In The Manga Guide to the Universe, Gloria, an exchange student and ardent Japanophile, joins the high school drama club. After being taught about space, the drama students produce a modern, science-filled version of Japanese fairy tale about a Moon princess. The plot touches on many of the ideas about the universe at both the astronomical and cosmological levels, and it was fun to read. The use of a drama club and the multiple characters humanizes the material and helps the plot to swing along. Occasionally, an astronomy professor steps into the narrative to provide an explanation, but that turned out to not be that intrusive. The guide also fulfills the "pretty picture" requirement of any astronomy text by having eight pages of color images at the end. The non-manga interludes include a history of astronomy, a typical astronomy textbook "stamp collecting" set of lists—historical people, planets, and famous telescopes—and several distance methods introduced at the appropriate time and scale. And, of course, there is a discussion of whether aliens exist.
In terms of thoroughness of the material, all the guides are equally suitable introductions that neither coddle the reader nor induce information overload. But middle school and high school students will need to reread the books to fully grasp the material. We both had to read the Physics guide once to see how the story was resolved and then again to understand the physics descriptions we had merely skimmed the first time. In some ways, making two passes is a virtue: The first pass introduces the material in a story fashion, and the second reinforces the science and underlying mathematics and deepens the reader's understanding.
In terms of storyline, we found the Physics guide the strongest and the Relativity guide the weakest. The physics in the Physics guide is solid and understandable, and the storyline is engaging as it blends physics concepts with narrative. The Universe guide contains a sampling of diverging topics in the narrative and in its somewhat dry, textbook-like page inserts. That presentation gave it a more disjointed feel, but the enjoyable storyline provided welcome transitions between the wide ranges of topics. The Electricity guide works the science concepts more into the narrative than the Physics guide; however, the recap sections at the end of each chapter made the otherwise hilarious narrative less compelling and more like a traditional textbook. The back-and-forth dialog of the Relativity guide makes it rather dry and lecture-like, but since relativity is a mind-blowing subject, the accompanying illustrations more than compensate for what the narrative lacks.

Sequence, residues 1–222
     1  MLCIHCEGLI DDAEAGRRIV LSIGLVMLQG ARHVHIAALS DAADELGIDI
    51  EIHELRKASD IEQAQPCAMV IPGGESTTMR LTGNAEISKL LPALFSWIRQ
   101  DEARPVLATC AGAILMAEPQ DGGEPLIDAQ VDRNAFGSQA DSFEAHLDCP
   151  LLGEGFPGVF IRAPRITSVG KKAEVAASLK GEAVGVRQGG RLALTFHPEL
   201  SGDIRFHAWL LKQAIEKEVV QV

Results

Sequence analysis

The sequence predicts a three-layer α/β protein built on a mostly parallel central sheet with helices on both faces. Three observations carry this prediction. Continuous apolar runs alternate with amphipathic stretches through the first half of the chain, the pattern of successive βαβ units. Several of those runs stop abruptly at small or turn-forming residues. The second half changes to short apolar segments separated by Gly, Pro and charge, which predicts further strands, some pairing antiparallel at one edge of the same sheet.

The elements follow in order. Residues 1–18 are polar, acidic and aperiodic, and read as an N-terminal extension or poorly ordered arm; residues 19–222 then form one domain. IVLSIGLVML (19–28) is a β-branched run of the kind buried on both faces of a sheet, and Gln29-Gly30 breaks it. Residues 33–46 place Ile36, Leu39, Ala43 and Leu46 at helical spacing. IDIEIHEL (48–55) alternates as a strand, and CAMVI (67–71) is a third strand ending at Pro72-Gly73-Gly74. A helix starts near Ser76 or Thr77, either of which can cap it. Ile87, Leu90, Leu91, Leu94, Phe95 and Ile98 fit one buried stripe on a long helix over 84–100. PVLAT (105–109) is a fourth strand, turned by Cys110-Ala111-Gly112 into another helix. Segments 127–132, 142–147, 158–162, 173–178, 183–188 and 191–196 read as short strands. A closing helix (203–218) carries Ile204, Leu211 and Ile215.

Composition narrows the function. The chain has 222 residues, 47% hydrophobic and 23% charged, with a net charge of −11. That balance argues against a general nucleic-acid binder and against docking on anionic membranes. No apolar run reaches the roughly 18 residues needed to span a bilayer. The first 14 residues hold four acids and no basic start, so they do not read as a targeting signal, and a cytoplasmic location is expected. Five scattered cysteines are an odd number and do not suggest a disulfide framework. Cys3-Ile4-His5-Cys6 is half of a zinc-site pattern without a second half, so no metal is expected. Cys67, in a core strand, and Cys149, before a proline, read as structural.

Passing the test
Regarding the manga elements, the primary problem with the series is perhaps cultural. Some of the artistic conventions that Western manga fans have come to expect go unexplained: for example, using "anger marks" to express emotion or "chibi," tiny versions of the main characters, to add cuteness. But that's a minor criticism, given that the books are supposed to be more like textbooks. Science-minded manga fans are going to be generally pleased.
But do the Manga Guides pass the pedagogical test? They passed the curiosity test with Ivy's middle school peers. And given the low price ($19.95 each), we highly recommend that middle school and high school libraries stock a set to draw in the casual science fan. On the other hand, Sandy did not have much luck getting college students to read them because they didn't consider the guides serious enough to use as a class supplement or "manga enough" to read for pure entertainment. Moreover, the manga narratives are a bit too long to present in a typical week of class.
However, for self-study, the series is a credible option for students willing to accept the manga format for a serious topic. The books fill a necessary gap between narrative nonfiction and conventional textbooks. The lecture call-outs are clear, are terse, and make an excellent set of review guides for people who want either a supplement to or a review of physics material. The running motif of "student in trouble needs science to rescue her, or him" is a wonderful device that kept us engaged throughout. With an information level above that of coffee-table books, they are excellent primers for serious study of physics topics.
Ivy Antunes is a student at Kenmoor Middle School in Landover, Maryland. She is president of the Science Bowl team and a multiyear regional science fair prize winner. Her father, Alex "Sandy" Antunes, is an astronomer; a professor at Capitol College in Laurel, Maryland; and the designer of the Project Calliope picosatellite, which, when launched, is expected to convert the ionosphere into sound data.